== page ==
I remember so clearly the day a stranger stopped me to compliment my parenting. I had just parked the car and was skipping over to get one-year-old Quinn out of her carseat. I had a big grin on my face and I was humming a merry tune. I threw open her door, tickled her toes and said “We’re here little one!” and she giggled at me. A man who was walking down the street stopped in his tracks. “What a fun mama you have!” he said to Quinn. We both beamed.
I may have slight rose-colored glasses on here, but looking back on that first year, I remember being a mostly carefree and happy mama. Yes, I was exhausted (Quinn was still maxing out at four-hour stretches at night) and hormonal and emotional. But I was joyous and fulfilled too. Tired, yes. Overwhelmed, totally. But I really liked what I was doing most of the time. I vowed to be that way forever.
All around me I saw angry and bedraggled parents and I just didn’t get it. That was never going to be me! All were confusing to me: the sighing mom scolding her kids in line at Target, the red-faced dad pulling his kid away from the park with a scowl, the dazed grandparent staring mutely at the proud two-year-old stacking blocks at the doctor’s office. Why weren’t they having more fun? I mean, I was a parent too. I knew how it was. And it didn’t have to be like that!
Fast-forward five years and two more kids and I see I was wrong about everything. I’ve been that mom at Target. Actually, I avoid Target completely with my kids because I just can’t handle the chaos. I leave the park with gritted teeth at least half of the time. And I no longer watch every single thing they do intently. Sometimes I just need a minute. Not that I ever get one. But I try. Desperately.
These days strangers don’t stop to complement my parenting. They look at me with a mix of pity, confusion and annoyance. In a glance, I am the bedraggled mom with too many kids.
Sometimes I appear angry and frustrated. Sometimes I appear sweet and happy. Always, I am thinking on my feet and scrambling to meet the needs of three very different people in three very different stages, all of them challenging.
Something tells me that when I look back on these years, the sweet and happy parenting moments will rise to the surface as the angry and frustrated ones sink down to murkiness. I hope that’s what happens for me and my kids. But here, in the thick of it, I must admit that this doesn’t feel the way I expected it to. It is HARD and I make a lot of mistakes. Yes, I had a lot of kids pretty darn close together. That doesn’t make things very easy. But it’s more than that.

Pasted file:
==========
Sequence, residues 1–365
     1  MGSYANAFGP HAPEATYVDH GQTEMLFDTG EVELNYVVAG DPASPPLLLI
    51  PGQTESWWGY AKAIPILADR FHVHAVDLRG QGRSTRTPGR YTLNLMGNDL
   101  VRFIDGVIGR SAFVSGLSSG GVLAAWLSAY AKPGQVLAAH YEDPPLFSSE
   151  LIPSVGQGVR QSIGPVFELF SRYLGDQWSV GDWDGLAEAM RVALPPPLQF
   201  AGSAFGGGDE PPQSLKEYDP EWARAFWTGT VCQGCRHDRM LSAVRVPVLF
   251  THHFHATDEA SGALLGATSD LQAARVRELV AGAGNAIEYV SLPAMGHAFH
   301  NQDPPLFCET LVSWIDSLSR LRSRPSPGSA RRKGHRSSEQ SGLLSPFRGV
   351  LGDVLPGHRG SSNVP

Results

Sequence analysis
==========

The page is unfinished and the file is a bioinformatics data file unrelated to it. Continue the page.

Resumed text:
The thing about children is they are constantly morphing. So you might think a mom of three like me is a pro by now. And in some ways I am. My one-year-old hasn’t slept well in over a week and I’m really not that fazed by it. My four-year-old is trying out disobedience in new and elaborate ways, but that doesn’t affect me as much as it did the first time around. But I am also the mom who is dealing with a six-year-old for a very first time, and helping my six- and four-year-olds to navigate through their increasingly elaborate disputes and disagreements.
Though I’ve been Quinn’s mom for six years now, she is still new to me every day. New challenges and new triumphs crop up on a daily basis. I watch in wonder as she draws, swell with pride as she picks flowers to cheer up a sad friend, shrink deep inside myself as she tells me she hates me, calls the craft I’ve set out “stupid,” dismisses her sister with a slammed door, roughly lifts the baby despite my cries of protest.
I’ve had to work on anger, disappointment, frustration, loneliness and boredom. I’ve learned to meditate and breathe. To admit to my children that mommy has had enough and needs a time out. To apologize when I raise my voice. I work hard to model good ways of handling these emotions for my kids. Sometimes I’m pleased with my reactions to tough situations, sometimes I lie in bed for hours plotting a better course for the next time.
I take immense comfort in knowing there will always be a next time, that these three little wonders will awaken with a fresh new outlook, with a clean slate for me. I strive to give them the same courtesy. I know that every tomorrow brings wonder and joy – and new challenges and frustrations too.
I’m not the mom I was going to be, the one who joyously skips through these early challenging years. But I am a mom I’m proud of, one who has let go of unrealistic expectations and an unattainable ideal. A mom who knows how hard it is to be here, and wants to be here anyway.
About the Author
Shawna Gamache is a former newspaper reporter and co-founder of the local blog Moms Alive. She is mama to Ruby, 4, Quinn, 6, and Nora, 13 months. In her quiet moments, Shawna loves writing, knitting and avoiding eye contact with her laundry pile.